Lindsey Hankus had a genius idea when she suggested to her fellow firefighters that they hold their 5K fundraiser run scheduled for this Friday in Concordia Cemetery.

It’s perfect. No traffic. Winding lanes. Trees. A natural oasis in the middle of urban density. Green changing into gold. Birds singing as you run by.

And that got me to thinking that we—I mean the whole town—should begin thinking about our “grave situation” as an asset and resource instead of something we joke about or use in a game of Trivia. Take a look at Oak Park. They have capitalized on their equally dead celebrities, Earnest Hemingway and Frank Lloyd Wright. We’ve all seen the big tour busses turning onto Lake St. from Harlem.

Why can’t we do the same with our cemeteries? 

The Historical Societies get it. The Tales of the Tombstones cemetery walk sponsored by the Historical Society of Oak Park and River Forest, scheduled this year on Oct. 19 brings to life “residents” of the Forest Home and German Waldheim Cemeteries. This year they’re celebrating the end of the Civil War 150 years ago. Costumed presenters transform tombstones into living characters.

A website sponsored by the historical society talks about our cemeteries this way: “As the final resting place for Native Americans, early settlers, evangelists, gypsies, labor activists, and noted leaders in medicine, the arts, business, and transportation.” 

Think of the possibilities! We could get an Elizabeth Taylor look alike to visit Michael Todd’s grave … right on cue as the tour bus passes by. We could have evangelist Billy Sunday rise from his tomb to square off against anarchist Emma Goldman. And the possibilities with the circus train wreck victims are endless. We could have actors dressed as Native Americans and pioneers interacting on the banks of the Desplaines River … even have a canoe rental nearby if the river gets cleaned up enough. And, of course, the tour bus would have to swing by the gypsy graves. If we marketed the idea correctly, think of the possibilities.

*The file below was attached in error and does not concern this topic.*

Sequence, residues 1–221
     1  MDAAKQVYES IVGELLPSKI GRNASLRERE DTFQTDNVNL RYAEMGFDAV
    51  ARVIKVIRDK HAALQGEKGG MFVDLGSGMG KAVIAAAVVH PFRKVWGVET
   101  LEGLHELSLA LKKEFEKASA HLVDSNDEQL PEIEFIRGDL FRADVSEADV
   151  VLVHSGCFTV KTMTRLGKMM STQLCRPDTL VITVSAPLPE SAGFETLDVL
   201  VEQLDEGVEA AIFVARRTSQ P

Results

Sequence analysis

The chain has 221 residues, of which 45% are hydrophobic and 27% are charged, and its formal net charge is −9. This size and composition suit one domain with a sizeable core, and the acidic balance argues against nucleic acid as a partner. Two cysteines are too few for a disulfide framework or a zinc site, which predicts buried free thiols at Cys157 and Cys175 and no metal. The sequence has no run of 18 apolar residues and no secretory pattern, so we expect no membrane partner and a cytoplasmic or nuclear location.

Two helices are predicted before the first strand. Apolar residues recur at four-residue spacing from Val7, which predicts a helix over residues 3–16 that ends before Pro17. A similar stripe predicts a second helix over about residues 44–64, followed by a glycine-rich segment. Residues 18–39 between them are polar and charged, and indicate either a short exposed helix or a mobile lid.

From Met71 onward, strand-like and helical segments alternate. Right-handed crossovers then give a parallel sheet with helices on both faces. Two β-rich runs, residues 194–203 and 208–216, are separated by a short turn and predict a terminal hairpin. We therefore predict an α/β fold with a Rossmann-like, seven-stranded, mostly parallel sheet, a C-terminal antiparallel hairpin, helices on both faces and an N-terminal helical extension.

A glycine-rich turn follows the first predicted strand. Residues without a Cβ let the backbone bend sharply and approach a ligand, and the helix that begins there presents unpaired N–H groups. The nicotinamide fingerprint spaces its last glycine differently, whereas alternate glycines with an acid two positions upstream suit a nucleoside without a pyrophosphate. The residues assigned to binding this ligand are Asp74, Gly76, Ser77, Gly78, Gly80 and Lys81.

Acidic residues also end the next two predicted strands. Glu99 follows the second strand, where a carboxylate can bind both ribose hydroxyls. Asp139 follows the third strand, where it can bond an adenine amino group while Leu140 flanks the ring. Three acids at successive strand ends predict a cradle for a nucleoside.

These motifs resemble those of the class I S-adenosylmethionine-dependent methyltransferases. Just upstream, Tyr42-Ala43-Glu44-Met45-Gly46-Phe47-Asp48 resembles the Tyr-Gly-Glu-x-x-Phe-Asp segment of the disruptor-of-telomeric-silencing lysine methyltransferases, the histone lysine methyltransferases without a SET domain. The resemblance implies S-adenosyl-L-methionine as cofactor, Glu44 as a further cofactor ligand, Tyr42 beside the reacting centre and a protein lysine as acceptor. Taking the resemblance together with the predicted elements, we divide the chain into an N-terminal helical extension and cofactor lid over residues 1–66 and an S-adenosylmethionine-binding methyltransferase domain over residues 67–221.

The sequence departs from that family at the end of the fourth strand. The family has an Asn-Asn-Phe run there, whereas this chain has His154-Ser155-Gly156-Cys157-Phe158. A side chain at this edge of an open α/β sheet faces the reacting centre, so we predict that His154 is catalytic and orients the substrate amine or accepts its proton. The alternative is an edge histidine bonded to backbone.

The firefighters said that one reason Gary Neubeiser, the general manager of Concordia Cemetery, OKed the run is that the organizers assured him that the participants would respect the fact that they are running in the midst of remains of people who were loved in their day. When I talk about actors in costumes, I’m not thinking of creating cartoons to laugh at but recreating living, breathing historical figures whose stories can be very moving.

That’s what Augie Aleksy and members of the Historical Society of Forest Park did with the Desplaines River Anthology. The book was published last year and also adapted into a musical which premiered at the Park District. Again, picture the possibilities. Outdoor performances at the Altenheim in the summer. Dinner theater at one of Forest Park’s many gourmet restaurants with performances by a small group of actors.

The casket races are a more light-hearted approach to the dead and wisely are not held anywhere near the cemeteries. Again, think of the possibilities. Who would have thought that a game played with no gloves and an oversized 16″ softball would lead to Forest Park being the no gloves capital of the universe! Can’t you just see it now—the Casket Race Nationals!

And then there’s the wonderful nature smack dab in the center of our huge metropolitan area. The OPRF Historical Society website raved, “Forest Home Cemetery in Forest Park, Illinois, is one of the Chicago area’s most picturesque and historic cemeteries. The Des Plaines River cuts through the approximately 220-acre cemetery, and paved, curving roads divide it into landscaped subdivisions, where, as of 1998, over 188,000 people are interred.”

Think of the possibilities for bird watching alone. In the spring and in the fall, especially, the big migrations of birds from south to north in the spring and back to warmer climes in the fall include many birds not usually seen in this area. I have a friend who leads bird watching trips to Costa Rica. I need to tell him, “Hey, try our cemeteries, and then total up your bird count at one of our fine restaurants or taverns.

I’m not smart or creative enough to sweat all the details, but I can’t help dreaming that a mainly respectful, artistically creditable series of events in different locations, combined with a little comic relief like the casket races could become a real business opportunity for our town where the dead far outnumber the living, but the living have a chance to use the departed to make us a tourist destination.

And that brings me to the Altenheim. Not the newer wing, but the old original building is amazing. When I first came to town in 1982, I would visit people living in the old section. It was like time travel. I’m sure it would cost a trainload of money, but every cathedral began as a pile of stones and a dream.